What sort of society do we want to live in when we are old and needing constant care? This question weighed heavily on the minds of Singaporeans in the aftermath of the Jade Circle saga.
In February last year, the Lien Foundation, Khoo Chwee Neo Foundation and the Salvation Army announced a new nursing home model termed "Jade Circle" that would be piloted in an existing facility. In this model, for which the partners were to contribute $10 million for construction, the ambition was to move away from dormitories and towards single or twin rooms with en suite bathrooms, clustered into intentional communities of 12 residents with their own kitchens and dining areas.
The project was subsequently aborted after the Ministry of Health declined to provide funding for ongoing operations, stating: "As a matter of policy, it will be difficult for MOH to provide ongoing subsidies for patients staying in wards that are designed to proxy private or A-class ward configurations such as single or double-bedded rooms only. Such parameters will be hard to scale or to be financially sustainable, if applied to the rest of the aged-care sector."
There was a flurry of commentaries both supporting and condemning the ministry's decision. Broadly, the supporters warned of over-extension and committing the Government beyond what could be affordable while critics decried the "Third World" standards required by the Government of nursing homes.
This backdrop framed the research consulting agency Oliver Wyman subsequently undertook on behalf of the Lien Foundation and the Khoo Chwee Neo Foundation. In the report titled The Economics Of Nursing Homes In Singapore, we worked with a number of nursing home operators, geriatricians and other aged-care experts as well as architects to model out, based on current costs, the impact of transforming the model of care from the current to what was envisaged in Jade Circle. We also reviewed models in other developed countries to understand the latest in nursing home care globally.
Our findings: Transitioning the 5,000 nursing home beds in the pipeline to a Jade Circle type model would cost Singapore an additional $8 to $13 per nursing home resident per day or less than $20 million a year in total.
We should be encouraged at the positive approach groups like the Lien Foundation have taken, not complaining about the status quo or asking the Government to think through and solve the "problem" but proactively using its resources to shed further light on issues and bring the debate to the next level...The more important paradigm that is shifting is how the Government and civic society... are working together to make our country better.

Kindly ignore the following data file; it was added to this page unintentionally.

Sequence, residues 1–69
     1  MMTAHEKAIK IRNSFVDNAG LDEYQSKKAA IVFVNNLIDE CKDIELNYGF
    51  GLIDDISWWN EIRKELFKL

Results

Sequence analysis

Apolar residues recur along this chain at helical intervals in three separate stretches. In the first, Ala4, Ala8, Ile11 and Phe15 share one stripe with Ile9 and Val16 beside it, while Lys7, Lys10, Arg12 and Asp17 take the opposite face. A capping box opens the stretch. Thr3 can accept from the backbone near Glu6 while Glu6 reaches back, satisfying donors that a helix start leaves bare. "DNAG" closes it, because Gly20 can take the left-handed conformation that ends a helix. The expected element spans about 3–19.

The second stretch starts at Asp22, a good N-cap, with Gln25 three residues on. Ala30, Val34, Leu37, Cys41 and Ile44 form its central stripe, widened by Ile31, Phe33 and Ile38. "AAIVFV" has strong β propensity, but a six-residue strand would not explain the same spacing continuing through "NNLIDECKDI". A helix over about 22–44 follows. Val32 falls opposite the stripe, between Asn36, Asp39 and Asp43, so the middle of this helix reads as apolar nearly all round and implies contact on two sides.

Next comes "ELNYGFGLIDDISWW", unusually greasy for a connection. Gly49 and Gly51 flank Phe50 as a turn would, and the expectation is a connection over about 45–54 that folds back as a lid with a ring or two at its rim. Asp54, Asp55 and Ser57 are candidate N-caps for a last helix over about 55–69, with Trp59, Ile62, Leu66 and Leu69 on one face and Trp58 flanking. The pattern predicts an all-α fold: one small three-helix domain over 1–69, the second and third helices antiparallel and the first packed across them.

The second major finding was that peer countries started out much as Singapore had with dormitory-style nursing homes but have already made the transition to mostly single rooms in aged-care facilities.
Why did we conduct this research? The report, which is intended to be akin to an amicus curiae (friend of the court) contribution, had two motivations.
First, to move us away from discussing in generalities, and unhelpful, "throw away" phrases like "too expensive". Policy analysis should be precise wherever possible and we wanted to support a deeper and more specific conversation. What is "too expensive"? $10 a day, or maybe $20 a day? One per cent of the total healthcare budget? Or maybe 10 per cent?
The hope is that by modelling out the costs of the different models, we could support society engaging in a far richer dialogue, grounded in facts and biased towards action.
Second, we wanted to provide stakeholders with a keen sense of what the rest of the world was thinking and doing. It is a very real danger for us in Singapore to be insular in our thinking and be smug in the satisfaction of how far we have come, without realising that others may have progressed even faster. While Singapore has to find its own way, the experience of others provides useful signposting along the journey.
Taking a few steps back, the report and related work by the Lien Foundation and allies offer a glimpse into what Government- civic society interactions can be. Singapore and Singaporeans cannot be over-reliant on the Government, and as prominent social commentator David Chan of the Singapore Management University puts it, "The man in the street needs to step up and stop relying on the Government to do everything".
We should be encouraged that civic society is responding to the Government's call to contribute to the national debate around complex social issues such as aged care. We should be further encouraged at the positive approach groups like the Lien Foundation have taken, not complaining about the status quo or asking the Government to think through and solve the "problem" but instead proactively using its resources to shed further light on issues and bring the debate to the next level. Finally, we should be most encouraged by the Ministry of Health's mature response to the report, saying it would study the report carefully and hold further discussions with the Lien Foundation.
The MOH further emphasised it "appreciates the aspiration for our seniors to age in more homely environments that provide dignified and enabling care" and would "work with providers to explore new models of care that give residents greater independence and autonomy".
Nursing homes are the issue here but the more important paradigm that is shifting is how the Government and civic society, despite starting with ideological differences, are working together to make our country better.
•Dr Jeremy Lim is a partner in Oliver Wyman's global health practice and is the lead for the firm's social impact projects in Asia.